Missouri’s freshman senator Josh Hawley has made a political and philosophical splash since he took office last year.
Philosophically, Hawley has tried to revive in America a conservative case for the role of community and our local institutions against what he calls the myth of the “Promethean self.” The Promethean self “creates her own reality, her own truth,” he said in an ambitious speech recently. She forges her own meaning. And this effort at self-creation is a solitary business. The demands of community too often get in the way.”
This philosophical critique is what informs Hawley’s populist political rhetoric, in which he pits the struggling communities of the American middle against the class of coastal disciples of Prometheus. And one of his targets has been Silicon Valley.
He chastises Silicon Valley’s titans for their insipid business models, targeting kids with addictive pay-for-gameplay, and for their selective censorship of conservative voices, censorship that perhaps shouldn’t be allowed in businesses that benefit from being regulated as neutral platforms. He targets them for their cooperation with the Chinese government.
But I think that for Hawley this distrust of Silicon Valley goes down to the philosophical level as well. After all, what is social media but an abstracted world, facilitated conversations and social performances that have been exfiltrated from a real, existing social context? Big Internet provides powerful illusions that the Promethean self-creation is truly possible.
All of this should please someone like me. I’ve been arguing for a decade that conservatives needed to pay more attention to the function of communities. My own book from last year specifically rejects what it calls “the myth of liberation” which encourages us to believe we can create our selves. In the place of this myth, I tried to build a bridge between family and national identity, one that grounds us and gives us a role in a home, and a homeland around it.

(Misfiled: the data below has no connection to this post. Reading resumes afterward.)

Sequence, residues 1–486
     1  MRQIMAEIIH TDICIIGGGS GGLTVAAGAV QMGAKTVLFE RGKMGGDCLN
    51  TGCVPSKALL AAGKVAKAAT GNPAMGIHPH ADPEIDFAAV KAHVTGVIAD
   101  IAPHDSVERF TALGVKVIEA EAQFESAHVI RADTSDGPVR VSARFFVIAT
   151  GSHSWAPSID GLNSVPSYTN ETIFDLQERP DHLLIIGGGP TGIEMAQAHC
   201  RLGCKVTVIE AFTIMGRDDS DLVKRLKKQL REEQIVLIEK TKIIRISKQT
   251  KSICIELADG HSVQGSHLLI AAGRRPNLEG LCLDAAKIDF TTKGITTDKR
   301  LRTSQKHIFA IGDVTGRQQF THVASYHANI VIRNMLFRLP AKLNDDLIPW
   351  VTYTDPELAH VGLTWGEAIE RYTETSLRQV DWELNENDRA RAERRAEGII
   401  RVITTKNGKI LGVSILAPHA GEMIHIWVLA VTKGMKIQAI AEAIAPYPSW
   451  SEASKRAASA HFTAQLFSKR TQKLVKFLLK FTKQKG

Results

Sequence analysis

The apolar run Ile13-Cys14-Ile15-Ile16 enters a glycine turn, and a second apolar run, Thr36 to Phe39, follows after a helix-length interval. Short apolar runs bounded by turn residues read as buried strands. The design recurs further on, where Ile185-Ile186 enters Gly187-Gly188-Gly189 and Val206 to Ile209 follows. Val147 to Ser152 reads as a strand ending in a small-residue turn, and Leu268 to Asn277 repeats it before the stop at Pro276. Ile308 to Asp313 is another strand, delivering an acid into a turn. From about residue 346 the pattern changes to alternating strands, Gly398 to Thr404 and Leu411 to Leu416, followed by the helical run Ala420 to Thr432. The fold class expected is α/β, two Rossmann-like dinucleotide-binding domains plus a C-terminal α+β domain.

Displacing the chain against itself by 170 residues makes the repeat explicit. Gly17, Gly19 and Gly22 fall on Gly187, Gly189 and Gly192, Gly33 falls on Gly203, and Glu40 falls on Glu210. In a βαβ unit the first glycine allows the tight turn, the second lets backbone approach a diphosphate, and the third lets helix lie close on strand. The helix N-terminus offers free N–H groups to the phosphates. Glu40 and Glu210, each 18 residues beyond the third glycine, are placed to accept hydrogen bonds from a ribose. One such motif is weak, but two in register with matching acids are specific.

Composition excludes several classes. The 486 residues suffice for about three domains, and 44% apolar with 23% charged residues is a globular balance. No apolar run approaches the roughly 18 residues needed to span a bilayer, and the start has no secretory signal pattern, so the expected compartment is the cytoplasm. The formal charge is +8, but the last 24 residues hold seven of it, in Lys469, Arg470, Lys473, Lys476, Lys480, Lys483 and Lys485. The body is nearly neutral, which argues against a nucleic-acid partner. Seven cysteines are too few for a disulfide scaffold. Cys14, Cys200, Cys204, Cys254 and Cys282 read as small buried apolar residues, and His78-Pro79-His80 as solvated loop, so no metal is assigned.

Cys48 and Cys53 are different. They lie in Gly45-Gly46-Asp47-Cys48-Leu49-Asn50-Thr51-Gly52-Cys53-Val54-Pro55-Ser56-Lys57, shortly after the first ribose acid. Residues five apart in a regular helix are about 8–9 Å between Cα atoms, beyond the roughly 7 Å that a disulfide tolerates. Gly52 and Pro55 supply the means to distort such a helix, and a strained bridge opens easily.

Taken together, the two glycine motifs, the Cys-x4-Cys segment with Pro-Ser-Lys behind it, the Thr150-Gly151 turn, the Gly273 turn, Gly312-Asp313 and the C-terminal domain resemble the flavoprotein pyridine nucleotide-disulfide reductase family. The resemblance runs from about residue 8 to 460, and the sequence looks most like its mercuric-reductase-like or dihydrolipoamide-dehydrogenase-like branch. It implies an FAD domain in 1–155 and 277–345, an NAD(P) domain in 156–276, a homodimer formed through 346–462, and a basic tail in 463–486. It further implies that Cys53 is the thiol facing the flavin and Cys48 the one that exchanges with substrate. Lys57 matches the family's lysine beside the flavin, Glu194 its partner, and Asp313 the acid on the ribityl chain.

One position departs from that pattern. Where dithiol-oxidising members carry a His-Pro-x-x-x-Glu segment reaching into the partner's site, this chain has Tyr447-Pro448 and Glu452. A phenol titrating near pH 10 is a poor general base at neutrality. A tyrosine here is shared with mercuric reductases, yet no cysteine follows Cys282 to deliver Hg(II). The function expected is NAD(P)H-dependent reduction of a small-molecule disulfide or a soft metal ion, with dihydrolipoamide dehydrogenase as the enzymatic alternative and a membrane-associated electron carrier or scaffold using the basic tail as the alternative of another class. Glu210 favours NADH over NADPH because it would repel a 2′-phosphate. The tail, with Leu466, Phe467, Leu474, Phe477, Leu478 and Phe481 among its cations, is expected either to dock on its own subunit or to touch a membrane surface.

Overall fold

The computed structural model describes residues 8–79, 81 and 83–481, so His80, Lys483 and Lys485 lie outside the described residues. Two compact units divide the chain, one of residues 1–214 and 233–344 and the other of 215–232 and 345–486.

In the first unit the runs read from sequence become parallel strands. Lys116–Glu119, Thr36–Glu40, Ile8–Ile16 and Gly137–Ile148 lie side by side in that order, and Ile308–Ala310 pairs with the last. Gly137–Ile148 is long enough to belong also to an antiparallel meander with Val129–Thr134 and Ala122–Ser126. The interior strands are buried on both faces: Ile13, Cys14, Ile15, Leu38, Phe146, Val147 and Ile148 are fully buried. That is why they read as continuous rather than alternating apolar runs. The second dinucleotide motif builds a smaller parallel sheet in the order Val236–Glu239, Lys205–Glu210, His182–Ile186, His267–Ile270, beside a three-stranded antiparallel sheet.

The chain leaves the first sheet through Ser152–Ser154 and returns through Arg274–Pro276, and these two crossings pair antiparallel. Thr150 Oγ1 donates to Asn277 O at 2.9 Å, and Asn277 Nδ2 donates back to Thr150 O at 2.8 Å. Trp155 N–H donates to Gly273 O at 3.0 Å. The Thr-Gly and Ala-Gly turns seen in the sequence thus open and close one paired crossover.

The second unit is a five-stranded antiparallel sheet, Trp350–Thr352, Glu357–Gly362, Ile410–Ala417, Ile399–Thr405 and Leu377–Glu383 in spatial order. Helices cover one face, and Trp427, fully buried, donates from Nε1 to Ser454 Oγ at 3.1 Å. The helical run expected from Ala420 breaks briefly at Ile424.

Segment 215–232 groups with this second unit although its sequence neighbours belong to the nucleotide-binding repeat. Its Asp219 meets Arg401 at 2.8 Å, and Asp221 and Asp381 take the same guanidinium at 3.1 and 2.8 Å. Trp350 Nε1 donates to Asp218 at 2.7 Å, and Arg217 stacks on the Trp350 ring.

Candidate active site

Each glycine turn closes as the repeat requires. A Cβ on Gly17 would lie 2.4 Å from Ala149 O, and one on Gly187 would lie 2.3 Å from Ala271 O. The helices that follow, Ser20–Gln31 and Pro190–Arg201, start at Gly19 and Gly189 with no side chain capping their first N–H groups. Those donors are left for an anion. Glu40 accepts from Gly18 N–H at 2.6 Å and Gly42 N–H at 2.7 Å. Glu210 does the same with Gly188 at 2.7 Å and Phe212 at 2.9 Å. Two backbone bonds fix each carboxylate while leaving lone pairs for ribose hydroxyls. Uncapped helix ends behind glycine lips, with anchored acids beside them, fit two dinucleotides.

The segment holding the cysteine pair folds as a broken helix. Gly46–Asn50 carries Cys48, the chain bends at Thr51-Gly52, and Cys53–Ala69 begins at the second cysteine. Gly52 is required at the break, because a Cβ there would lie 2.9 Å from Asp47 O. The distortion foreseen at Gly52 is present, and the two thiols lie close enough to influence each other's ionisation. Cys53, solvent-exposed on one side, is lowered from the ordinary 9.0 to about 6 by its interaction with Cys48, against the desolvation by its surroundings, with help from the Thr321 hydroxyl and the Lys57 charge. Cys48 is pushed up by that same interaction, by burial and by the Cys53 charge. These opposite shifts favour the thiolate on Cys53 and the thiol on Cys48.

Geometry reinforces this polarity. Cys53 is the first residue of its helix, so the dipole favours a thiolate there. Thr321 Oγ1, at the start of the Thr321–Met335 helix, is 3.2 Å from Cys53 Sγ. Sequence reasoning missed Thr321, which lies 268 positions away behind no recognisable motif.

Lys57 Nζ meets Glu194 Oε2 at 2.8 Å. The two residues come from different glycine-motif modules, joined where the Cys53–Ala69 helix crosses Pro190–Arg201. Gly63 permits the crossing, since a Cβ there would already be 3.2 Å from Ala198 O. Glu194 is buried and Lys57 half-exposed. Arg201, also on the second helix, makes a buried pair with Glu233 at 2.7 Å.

But caring about the American nation means I can’t help but notice that “the individual” is one of America’s inherited romantic archetypes. The American mythology of self-invention and reinvention cannot be extirpated in its entirety as a mere philosophical error. And it cannot withstand sustained rebuke outside a few relatively small circles, filled with creaky conservatives like me.
Our history brims with the frontiersman and the immigrant who leave a home and strike out for some new adventure, building a new home and a new life for themselves. I would say, as a conservative, that this mythology has to be elevated and channeled by great works of art, and even by statesmen, for the good of the commonweal. But we can’t just get past us.
Hawley is surely correct that Silicon Valley’s products conduce to a sort of Promethean delusion. And that’s something worth opposing. But, at the same time, Silicon Valley is a new kind of enclosure movement: It’s closing another dimension of the American frontier. It forbids self-reinvention. Helen Andrews described something of this in her account of how viral outrages seem to follow people throughout their lives because of Google and the Internet.
She recounted how a man, Geoffrey Weglarz, had been caught on video throwing a sandwich back at a pregnant server. Weglarz was at the time struggling through divorce and unemployment. But the viral rage the video inspired drove him into hiding. He tried changing his name to escape the permanent record that Google had made for him, one available to any employer or prospective second wife. He killed himself in a parked car and wasn’t discovered for a week. If anyone needed American individualism — the chance to pick up, move, and rebuild a life out West— it was Geoffrey Weglarz. But this was nearly impossible in an age of total information awareness.
America needs stronger communities, and Hawley is right to tilt hard against a naked and self-seeking individualist streak among American elites. But America loses something essential about itself when it no longer has a frontier — a place further to the West, geographically or metaphorically — where men who are repenting of their sins, or running from ugly fate, can start over again and contribute to a community that is grateful to have a reinvented individual as its neighbor.